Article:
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Operation in the Preperforative Stage of Typhoid Dr Robert G Le Conte



DR. ROBERT G. LE CONTE detailed the history of a colored man, aged twenty-three years, who was admitted to the Pennsyl vania Hospital, December 23, 1896. He had been well and at work until three days previous to admission, when he began to have pain in the pit of his stomach, with constipation of his bowels and loss of appetite. The pain soon shifted to the right iliac region and became very severe and constant. He had chilly sen sations with fever, but no vomiting, headache, epistaxis, or pain in the back, and none of the prodromic symptoms of typhoid fever. On admission, temperature was F.; pulse, 88; respiration, 20. Tongue heavily coated all over, not tremulous. Specific ulcer on the left arch of the palate. Heart, lungs, and urine negative. The abdomen was distended and tympanitic ; the right abdominal muscles much more rigid than the left ; ex quisite tenderness over the iliac fossa, with a small, easily pal pable tumor which was dull on percussion. No enlargement of the spleen was demonstrable.

With the above symptoms and a history of sudden onset, a diagnosis of appendicitis was made, and immediate operation ad vised. The patient was etherized, and the abdomen opened over the tumor to the outer side of the semilunar line. Serous fluid with flakes of lymph immediately escaped. The last six or eight inches of the ileum were sharply bent on itself and glued together with recent adhesions. These adhesions were broken up, and this portion of the ileum with the cxcum and part of the ascend ing colon were delivered through the wound. This portion of the bowel was highly inflamed, deeply congested, and covered with lymph. On washing away the lymph, some six or seven spots were seen, about the size and shape of a small olive, purple in color, with bluish-black necrotic centres. These necrotic areas were on the cmcum and ascending colon as well as on the ileum, and were on the portion of the bowel opposite to the mesenteric attachment. They were unquestionably necrotic Peyer's patches that had ulcerated through to the peritoneum. The appendix was normal except for its peritoneal coat, which had become infected from the neighboring inflammation. It was evident at a glance that if the bowel was returned in such a condition perforation would speedily take place and peritonitis and death follow.

Three methods of procedure presented themselves : (I) In vaginating the necrotic areas with sutures. This was not at tempted for fear the sutures would not hold in such a diseased state of the intestine, and if they did hold, that stricture of the gut would result. (2) A resection of the damaged area, some eight inches of the ileum, the cmcum, and part of the ascending colon. This was rejected, owing to the patient's condition not warranting such a radical procedure. (3) Packing off with gauze this area of the intestine from the general abdominal cavity. This was done, and at the same time the appendix was amputated, on account of its damaged peritoneal coat and the fear that it might cause further trouble. Two sutures were placed in the upper angle of the wound, while the ends of the gauze packing filled up the rest of the incision. The temperature following operation was normal, but it speedily rose to F. The pulse, however, was of good character, and at no time exceeded 120. Thirty-six hours later very offensive pus and fecal material were discharged from the wound. Ten days later the faces began to lessen in amount, and within four weeks of the opera tion the fistula had entirely closed. In the mean time the patient developed a typical typhoid condition. His tongue became tremu lous ; the edges cleaned off, sordes developed, mental hebetude appeared, emaciation was rapid, the bowels were loose, and tym pany persisted. The blood was twice subjected to the Widal test, and responded both times. The temperature for twenty days varied from roe to when it gradually dropped to normal, and then became slightly subnormal. From this time on the con valescence was uneventful, and he rapidly gained the weight he had lost. He was discharged from the hospital in good health fifty days after admission.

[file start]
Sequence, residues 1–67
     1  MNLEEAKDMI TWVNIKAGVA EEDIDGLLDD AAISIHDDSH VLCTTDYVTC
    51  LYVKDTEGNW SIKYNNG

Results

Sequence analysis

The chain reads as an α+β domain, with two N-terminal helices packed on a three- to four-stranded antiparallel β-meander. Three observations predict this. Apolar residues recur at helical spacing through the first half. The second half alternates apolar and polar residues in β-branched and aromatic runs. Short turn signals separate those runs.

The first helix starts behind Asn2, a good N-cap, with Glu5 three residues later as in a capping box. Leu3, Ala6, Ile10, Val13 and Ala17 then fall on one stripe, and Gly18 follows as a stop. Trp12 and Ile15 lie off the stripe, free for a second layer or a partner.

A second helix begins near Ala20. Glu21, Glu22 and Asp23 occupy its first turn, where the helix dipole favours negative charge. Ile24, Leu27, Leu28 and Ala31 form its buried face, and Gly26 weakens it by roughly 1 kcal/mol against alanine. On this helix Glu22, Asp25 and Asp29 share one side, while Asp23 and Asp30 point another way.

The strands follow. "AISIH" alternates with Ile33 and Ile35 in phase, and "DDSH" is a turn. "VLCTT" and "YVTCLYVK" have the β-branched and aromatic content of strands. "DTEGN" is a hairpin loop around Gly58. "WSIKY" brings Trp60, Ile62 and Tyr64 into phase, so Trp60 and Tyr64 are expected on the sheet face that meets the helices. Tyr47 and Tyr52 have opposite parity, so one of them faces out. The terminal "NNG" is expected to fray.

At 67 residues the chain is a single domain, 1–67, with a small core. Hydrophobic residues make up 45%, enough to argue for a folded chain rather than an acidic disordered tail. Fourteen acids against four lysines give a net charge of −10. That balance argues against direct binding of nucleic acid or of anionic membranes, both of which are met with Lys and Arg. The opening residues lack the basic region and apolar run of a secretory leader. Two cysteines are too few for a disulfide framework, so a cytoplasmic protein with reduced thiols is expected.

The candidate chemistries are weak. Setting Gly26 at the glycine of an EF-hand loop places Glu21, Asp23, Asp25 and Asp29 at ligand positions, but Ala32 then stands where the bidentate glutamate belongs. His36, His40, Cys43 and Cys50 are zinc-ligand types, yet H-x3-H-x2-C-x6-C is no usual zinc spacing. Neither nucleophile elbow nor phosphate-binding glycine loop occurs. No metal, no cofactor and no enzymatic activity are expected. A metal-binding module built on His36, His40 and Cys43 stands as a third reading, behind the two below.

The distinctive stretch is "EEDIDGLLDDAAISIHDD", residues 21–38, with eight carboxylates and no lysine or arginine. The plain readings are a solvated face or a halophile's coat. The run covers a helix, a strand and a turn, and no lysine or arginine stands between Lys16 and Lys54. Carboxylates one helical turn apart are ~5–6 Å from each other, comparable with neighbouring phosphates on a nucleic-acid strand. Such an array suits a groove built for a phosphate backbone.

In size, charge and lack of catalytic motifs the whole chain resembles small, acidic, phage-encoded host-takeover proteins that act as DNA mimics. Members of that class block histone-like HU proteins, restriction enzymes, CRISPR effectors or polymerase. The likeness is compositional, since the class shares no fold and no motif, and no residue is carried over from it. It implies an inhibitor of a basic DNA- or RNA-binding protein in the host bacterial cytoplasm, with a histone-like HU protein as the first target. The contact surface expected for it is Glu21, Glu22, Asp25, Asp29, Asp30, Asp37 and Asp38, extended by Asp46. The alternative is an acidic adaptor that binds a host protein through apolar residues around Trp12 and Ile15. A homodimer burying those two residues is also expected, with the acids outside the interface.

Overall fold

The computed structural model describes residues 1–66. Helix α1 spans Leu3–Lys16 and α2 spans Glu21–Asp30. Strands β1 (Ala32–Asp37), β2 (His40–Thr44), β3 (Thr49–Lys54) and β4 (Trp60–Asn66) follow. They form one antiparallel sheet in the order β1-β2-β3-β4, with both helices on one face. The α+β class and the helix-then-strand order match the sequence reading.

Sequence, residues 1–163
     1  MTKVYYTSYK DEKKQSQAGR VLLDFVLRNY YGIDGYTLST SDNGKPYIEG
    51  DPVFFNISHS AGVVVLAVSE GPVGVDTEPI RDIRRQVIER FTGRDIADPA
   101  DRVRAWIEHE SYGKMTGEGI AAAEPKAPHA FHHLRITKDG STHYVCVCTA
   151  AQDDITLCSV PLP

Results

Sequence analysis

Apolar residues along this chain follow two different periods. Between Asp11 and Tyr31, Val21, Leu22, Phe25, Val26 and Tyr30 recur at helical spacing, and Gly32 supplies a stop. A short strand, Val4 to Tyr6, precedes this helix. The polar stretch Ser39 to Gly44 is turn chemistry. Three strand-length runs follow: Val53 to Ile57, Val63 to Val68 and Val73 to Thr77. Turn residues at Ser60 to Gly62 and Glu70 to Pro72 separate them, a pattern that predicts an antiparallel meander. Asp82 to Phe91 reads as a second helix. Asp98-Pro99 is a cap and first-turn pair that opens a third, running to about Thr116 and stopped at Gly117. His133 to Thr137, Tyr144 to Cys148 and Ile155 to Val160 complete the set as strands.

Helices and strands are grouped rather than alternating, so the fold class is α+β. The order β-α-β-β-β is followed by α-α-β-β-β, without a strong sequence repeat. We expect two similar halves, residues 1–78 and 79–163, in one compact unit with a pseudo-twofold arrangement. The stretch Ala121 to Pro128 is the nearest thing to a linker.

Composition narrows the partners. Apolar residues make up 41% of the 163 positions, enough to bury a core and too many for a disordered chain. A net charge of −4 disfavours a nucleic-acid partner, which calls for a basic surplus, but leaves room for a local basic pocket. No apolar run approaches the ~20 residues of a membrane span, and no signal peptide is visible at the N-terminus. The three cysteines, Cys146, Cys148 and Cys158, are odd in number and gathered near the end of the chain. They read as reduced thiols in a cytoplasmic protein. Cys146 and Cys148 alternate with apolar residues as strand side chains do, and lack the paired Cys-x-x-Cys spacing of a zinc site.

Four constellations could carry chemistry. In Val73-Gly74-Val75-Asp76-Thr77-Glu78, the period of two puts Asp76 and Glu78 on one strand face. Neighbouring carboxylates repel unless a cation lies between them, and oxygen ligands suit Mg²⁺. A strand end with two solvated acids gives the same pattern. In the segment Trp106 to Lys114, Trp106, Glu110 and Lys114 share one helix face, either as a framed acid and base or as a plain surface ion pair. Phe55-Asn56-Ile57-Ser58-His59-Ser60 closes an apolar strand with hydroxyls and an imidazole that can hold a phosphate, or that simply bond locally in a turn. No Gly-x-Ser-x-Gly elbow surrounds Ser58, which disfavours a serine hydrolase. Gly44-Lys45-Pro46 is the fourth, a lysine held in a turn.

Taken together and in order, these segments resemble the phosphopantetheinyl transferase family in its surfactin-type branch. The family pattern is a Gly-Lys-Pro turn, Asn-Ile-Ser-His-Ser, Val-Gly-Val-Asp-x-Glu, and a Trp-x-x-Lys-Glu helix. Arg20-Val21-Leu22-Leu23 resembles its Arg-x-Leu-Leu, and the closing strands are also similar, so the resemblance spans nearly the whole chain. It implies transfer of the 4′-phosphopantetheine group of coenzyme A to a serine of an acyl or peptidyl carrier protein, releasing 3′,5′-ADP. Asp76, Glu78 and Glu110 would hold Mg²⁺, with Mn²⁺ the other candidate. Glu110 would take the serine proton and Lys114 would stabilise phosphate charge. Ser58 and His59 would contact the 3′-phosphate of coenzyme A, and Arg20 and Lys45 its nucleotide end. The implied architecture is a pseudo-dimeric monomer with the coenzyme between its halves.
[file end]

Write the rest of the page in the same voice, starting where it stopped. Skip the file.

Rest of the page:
Dr. Le Conte called attention to the early date at which per foration may occur in typhoid fever, and also to the fact that in anomalous cases of enteric fever the diagnosis from appendi citis cannot always be made.

DR. G. G. DAVIS remarked that the case was so close to one of perforation as to be practically one of perforation. It furnished data as to how long a patient may be in recovering, provided packing is resorted to and a fmcal fistula ensues. There is no doubt that in some of these cases there is not time to perform an ideal operation, in other words, to close the perforation ; the chances of the patient's recovery will be enhanced by treating the case as did Dr. Le Conte,—isolating the infected area and draining rather than invaginating and suturing. He believed it to be a fact that typhoid-fever patients stand operation very much better than is usually supposed or than one might expect. If surgeons resort to operation as readily as some advise, attempt ing the diagnosis of the preperforative stage, no doubt they will operate occasionally and not find a perforation. He had done so in one case. He reported three cases in the University Medical Magazine a few months ago, and in one of them there was no perforation found ; yet that patient improved very markedly. There was some evidence of peritonitis, and the operation ap peared to benefit the patient very markedly. Therefore, even if one does not find a perforation, the operation will probably be of benefit to the patient.

perforation, patient, time, days, necrotic, fever and ileum